We collected dates of illness onset for primary cases (infectors) and secondary cases (infectees) from published research articles and case investigation reports. We subjectively ranked the credibility of the data and performed analyses on both the full dataset (n = 28) and a subset of pairs with highest certainty in reporting (n = 18). In addition, we adjust for right truncation of the data as the epidemic is still in its growth phase.
The serial interval of COVID-19 is close to or shorter than its median incubation period. This suggests that a substantial proportion of secondary transmission may occur prior to illness onset. The COVID-19 serial interval is also shorter than the serial interval of severe acute respiratory syndrome (SARS), indicating that calculations made using the SARS serial interval may introduce bias.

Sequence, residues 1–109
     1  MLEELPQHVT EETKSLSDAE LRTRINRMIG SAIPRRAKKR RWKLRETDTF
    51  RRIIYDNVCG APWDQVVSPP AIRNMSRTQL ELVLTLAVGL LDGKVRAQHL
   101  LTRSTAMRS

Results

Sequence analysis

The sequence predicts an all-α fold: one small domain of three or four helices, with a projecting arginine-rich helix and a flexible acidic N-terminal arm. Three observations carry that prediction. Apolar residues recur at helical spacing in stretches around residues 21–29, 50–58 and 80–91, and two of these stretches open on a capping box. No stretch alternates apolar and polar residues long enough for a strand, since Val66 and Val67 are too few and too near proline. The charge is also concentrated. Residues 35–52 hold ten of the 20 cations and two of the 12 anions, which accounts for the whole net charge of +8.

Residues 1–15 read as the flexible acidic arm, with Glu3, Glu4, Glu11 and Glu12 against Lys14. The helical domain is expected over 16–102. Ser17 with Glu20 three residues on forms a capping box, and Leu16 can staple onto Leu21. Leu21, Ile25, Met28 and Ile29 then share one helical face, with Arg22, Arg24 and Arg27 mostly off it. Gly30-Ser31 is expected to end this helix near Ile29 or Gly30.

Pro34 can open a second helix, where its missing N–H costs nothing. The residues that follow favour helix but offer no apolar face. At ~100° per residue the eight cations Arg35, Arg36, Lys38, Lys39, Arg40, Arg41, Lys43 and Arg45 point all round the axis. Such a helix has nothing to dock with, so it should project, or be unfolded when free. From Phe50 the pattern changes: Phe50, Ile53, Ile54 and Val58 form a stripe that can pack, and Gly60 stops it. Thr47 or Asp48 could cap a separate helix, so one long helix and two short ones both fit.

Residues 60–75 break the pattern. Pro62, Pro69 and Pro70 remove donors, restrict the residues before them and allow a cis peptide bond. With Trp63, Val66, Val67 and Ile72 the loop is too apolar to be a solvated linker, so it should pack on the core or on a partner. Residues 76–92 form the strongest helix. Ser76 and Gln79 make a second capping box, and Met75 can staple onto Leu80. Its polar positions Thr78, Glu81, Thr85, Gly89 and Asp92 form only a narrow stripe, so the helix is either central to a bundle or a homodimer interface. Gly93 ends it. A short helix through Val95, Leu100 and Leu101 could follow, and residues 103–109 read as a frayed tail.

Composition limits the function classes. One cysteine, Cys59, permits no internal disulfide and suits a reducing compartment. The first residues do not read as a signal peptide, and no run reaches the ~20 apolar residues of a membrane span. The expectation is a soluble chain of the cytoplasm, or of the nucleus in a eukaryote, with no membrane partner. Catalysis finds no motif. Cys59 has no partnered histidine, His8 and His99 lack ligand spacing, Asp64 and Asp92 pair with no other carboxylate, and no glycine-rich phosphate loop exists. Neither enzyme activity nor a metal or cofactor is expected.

To estimate the serial interval of novel coronavirus (COVID-19) from information on 28 infector-infectee pairs.
Accounting for right truncation and analyzing all pairs, we estimated the median serial interval at 4.0 days (95% credible interval [CrI]: 3.1, 4.9). Limiting our data to only the most certain pairs, the median serial interval was estimated at 4.6 days (95% CrI: 3.5, 5.9).